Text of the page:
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One Tenor

It would be churlish to suggest that Plácido Domingo, after a spectacular career studded with accomplishment, is doing middling work these days. Wouldn't it?

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Not many classical musicians become critic-immune icons while still actively performing, singers hardly ever -- vocal cords, after all, tend to give out long before a pianist's fingers. Besides, the world of opera is notoriously contentious, and even Luciano Pavarotti doesn't get much respect these days as his career stumbles to its undignified conclusion. Plácido Domingo, on the other hand, can now apparently do no wrong, having grown into a beloved senior artist whose longevity, astonishing industry, and many achievements are so widely admired that any objective assessment of his multifaceted career is, for the time being, virtually irrelevant. Proof of that came at the Metropolitan Opera after the opening-night performance of Saint-Saëns's Samson et Dalila, a love-in celebrating Domingo's 30 years with the company as Met officials, Mayor Giuliani, the entire cast, and a cheering house all but elevated the tenor to sainthood. And who would dare, or even want, to argue with them?

As a Domingo follower who has seen and heard him a lot over the years -- all 39 of his Met roles, most of the 17 opening-night performances, perhaps a quarter of his 531 total appearances in the house, and frequently in other parts of the world -- I wouldn't call this one of his more memorable evenings, but never mind. The fact that a lyrical dramatic tenor has survived to sing Samson this well at age 57 surely qualifies him as a phenomenon of sorts. If Domingo actually is several years older than he admits to (as many believe), that only makes his accomplishment all the more amazing. And yet even the tenor himself might confess that his voice shows signs of aging. Few singers have been willing to discuss the singular timbre, texture, and condition of their voices more frankly than Domingo, and in any case, that unfortunate cracked high B flat at the end of the opera, more symptomatic of a chronic problem with top notes than a momentary lapse, can't be conveniently talked away. On the whole, though, this was a typically shrewd Domingo performance: deliberately paced, sturdily sung, and carefully contained to give an audience just enough and no more -- a rationed expenditure of effort that offers perhaps another explanation for this singer's long career.

Except for the presentational fireworks after the final curtain, this was a bland Met opening, only in part because of the characteristically businesslike performance of its hero. Olga Borodina sang Dalila beautifully much of the time, although her soft-grained mezzo-soprano tends to lose presence in the middle and lower registers, where this seductress must make her most compelling dramatic and musical points. During their long duet together in Act Two, neither she nor Domingo generated much theatrical tension, let alone sexual energy, and if that crucial scene can only amble along efficiently, the whole opera starts to appear flabby and second-rate. Conducting the opera for the first time at the Met, James Levine presided over a facelessly generalized account of a score I suspect he doesn't much care for. Sergei Leiferkus's nastily rasped High Priest of Dagon perked up the dull proceedings onstage whenever possible, and the many choral passages are stunningly sung. I continue to enjoy Richard Hudson's painterly sets, with their hot-and-angry colors and bold indications of culture clash, although the complex visual dynamics of Elijah Moshinsky's original staging seem to have been lost.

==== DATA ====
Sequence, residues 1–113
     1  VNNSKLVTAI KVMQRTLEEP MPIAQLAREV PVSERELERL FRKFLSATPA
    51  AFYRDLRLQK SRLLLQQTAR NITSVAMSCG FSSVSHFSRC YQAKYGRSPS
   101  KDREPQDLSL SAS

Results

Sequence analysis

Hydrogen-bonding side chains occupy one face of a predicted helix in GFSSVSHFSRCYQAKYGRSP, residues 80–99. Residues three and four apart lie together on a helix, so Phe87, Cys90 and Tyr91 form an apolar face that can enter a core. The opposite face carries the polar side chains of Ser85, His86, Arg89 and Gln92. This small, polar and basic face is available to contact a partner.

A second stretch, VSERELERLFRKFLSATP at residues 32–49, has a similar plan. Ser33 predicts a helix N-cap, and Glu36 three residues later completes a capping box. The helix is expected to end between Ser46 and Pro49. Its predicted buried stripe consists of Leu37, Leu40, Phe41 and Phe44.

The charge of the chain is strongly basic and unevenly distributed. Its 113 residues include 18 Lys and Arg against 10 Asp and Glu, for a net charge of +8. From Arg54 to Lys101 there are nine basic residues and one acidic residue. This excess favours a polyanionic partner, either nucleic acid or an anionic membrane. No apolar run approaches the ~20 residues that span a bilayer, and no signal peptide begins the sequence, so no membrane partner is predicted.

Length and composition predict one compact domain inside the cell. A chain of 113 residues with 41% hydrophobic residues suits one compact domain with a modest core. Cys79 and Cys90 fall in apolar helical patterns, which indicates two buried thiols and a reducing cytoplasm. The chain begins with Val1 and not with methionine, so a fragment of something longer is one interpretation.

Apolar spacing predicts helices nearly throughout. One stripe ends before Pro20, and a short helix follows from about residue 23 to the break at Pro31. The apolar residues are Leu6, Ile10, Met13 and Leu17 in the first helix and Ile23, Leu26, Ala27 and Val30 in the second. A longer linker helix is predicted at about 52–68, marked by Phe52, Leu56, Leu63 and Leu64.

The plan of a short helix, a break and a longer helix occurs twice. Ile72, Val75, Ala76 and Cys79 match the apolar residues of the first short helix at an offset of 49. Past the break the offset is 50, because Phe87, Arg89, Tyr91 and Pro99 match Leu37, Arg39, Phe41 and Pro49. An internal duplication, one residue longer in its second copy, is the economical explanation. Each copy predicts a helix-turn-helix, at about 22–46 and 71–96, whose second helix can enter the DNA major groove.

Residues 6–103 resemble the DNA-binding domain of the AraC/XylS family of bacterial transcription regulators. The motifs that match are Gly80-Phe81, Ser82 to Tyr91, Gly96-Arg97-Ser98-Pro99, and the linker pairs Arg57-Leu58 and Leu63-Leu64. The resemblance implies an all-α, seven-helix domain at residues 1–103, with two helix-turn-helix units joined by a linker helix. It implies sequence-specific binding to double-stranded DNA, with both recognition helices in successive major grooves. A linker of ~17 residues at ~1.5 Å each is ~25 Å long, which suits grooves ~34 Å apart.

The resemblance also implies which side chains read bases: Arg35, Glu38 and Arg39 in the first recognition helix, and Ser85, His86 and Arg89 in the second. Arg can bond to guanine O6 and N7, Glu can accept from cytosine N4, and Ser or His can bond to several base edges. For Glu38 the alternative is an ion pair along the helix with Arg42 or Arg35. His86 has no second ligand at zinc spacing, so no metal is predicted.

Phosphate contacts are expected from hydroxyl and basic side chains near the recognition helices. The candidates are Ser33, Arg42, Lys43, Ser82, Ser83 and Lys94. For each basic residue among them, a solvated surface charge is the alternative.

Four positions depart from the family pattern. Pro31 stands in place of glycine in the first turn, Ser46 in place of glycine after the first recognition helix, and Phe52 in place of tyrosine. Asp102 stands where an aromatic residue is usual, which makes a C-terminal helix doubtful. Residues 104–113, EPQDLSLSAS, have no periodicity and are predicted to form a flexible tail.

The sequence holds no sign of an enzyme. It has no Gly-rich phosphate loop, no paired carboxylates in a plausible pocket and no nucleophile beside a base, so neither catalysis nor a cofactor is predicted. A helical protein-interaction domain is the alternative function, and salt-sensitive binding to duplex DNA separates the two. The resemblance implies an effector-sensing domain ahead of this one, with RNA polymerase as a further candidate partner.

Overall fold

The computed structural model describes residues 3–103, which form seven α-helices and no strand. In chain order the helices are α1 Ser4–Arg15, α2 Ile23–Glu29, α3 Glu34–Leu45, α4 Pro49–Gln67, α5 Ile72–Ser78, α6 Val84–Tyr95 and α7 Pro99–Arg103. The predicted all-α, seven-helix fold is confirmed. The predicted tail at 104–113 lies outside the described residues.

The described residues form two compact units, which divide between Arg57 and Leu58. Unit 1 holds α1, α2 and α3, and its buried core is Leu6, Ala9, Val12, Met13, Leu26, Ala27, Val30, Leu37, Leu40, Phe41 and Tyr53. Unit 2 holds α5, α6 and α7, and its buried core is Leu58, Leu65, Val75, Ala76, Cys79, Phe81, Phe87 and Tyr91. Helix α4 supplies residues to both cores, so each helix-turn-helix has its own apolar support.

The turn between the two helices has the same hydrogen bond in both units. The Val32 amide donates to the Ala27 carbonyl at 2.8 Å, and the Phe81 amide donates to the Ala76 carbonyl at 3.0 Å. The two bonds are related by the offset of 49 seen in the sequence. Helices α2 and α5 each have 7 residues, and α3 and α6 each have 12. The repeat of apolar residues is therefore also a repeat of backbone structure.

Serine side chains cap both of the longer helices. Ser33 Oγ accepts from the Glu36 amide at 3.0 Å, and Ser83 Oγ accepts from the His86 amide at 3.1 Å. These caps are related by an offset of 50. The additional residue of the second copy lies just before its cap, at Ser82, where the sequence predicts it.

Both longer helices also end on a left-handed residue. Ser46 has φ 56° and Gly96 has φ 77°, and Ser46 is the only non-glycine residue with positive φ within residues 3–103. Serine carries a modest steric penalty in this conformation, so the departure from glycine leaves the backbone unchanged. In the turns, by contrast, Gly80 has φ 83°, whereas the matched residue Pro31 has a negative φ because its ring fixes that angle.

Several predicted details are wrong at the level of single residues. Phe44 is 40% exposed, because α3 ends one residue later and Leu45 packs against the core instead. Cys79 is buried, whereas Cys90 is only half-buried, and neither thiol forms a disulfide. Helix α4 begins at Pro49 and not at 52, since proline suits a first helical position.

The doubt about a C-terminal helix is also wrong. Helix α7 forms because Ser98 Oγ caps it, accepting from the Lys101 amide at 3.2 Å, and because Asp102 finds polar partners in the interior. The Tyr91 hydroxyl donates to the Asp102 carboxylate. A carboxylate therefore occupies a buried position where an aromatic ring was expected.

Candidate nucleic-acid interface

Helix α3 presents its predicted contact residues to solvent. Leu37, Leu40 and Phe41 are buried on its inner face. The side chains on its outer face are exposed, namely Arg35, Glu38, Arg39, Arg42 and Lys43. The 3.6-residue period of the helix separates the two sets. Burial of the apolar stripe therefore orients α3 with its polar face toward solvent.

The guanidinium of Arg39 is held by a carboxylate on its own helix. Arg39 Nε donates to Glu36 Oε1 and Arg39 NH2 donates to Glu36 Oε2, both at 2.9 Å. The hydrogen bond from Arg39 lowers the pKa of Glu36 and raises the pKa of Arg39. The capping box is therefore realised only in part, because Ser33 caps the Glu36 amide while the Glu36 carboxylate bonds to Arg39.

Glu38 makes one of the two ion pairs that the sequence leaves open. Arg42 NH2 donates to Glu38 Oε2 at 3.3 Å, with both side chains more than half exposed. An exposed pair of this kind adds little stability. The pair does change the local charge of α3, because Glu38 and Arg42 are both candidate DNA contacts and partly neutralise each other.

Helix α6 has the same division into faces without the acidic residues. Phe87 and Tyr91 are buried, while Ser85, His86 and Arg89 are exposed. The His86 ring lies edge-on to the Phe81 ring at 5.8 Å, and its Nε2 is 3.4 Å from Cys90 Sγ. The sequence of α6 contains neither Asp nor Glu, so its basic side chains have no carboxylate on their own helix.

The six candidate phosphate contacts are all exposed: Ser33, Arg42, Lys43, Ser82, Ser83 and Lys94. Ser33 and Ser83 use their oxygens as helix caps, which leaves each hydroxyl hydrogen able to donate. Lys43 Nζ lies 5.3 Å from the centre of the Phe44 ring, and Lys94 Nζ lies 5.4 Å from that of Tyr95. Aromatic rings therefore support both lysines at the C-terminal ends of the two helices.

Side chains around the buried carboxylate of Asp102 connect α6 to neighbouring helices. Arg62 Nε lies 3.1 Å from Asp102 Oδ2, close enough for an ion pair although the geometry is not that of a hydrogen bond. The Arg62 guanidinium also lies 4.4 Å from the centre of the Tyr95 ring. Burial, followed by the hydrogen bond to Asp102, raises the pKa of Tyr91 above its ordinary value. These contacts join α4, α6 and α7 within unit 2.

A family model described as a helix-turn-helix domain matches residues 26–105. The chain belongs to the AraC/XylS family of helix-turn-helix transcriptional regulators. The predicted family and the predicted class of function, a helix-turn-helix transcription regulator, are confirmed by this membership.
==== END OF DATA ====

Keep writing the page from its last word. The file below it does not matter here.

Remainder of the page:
The next evening, Domingo was back at the Met for Aida -- not to sing Radames but to conduct the opera, a function that will no doubt soon occupy even more of his time. His stints on the podium are now frequent enough not to be greeted as either a miracle or a gimmick -- even when Domingo's baton technique was less practiced, there was never a question about the professional quality of his work. Of course, the Met orchestra could probably play Aida in its sleep, but smooth coordination between stage and pit does not happen automatically, and here the conductor seemed fully in charge. Having heard Domingo conduct a dozen or so operas, I never sense much specificity or individuality in his approach.

Onstage, the performance offered further melancholy evidence that generously endowed Verdi singers, once so plentiful, no longer roam the earth -- even in Russia, where the Met now looks so hopefully for fresh vocal talent. Maria Guleghina began promisingly as Aida, but after a misadventure with an exposed high C in "O patria mia," her voice quickly wore down and veered out of control. Looking squat and unheroic, Vladimir Bogachov strutted stiffly and emitted unpleasant sounds as Radames, and Nina Terentieva's parched mezzo barely qualifies her as a decent provincial Amneris. Only Gregg Baker's imposing Amonasro was up to Met standards in what was otherwise a lackluster Aida, and I fled after Act Three.


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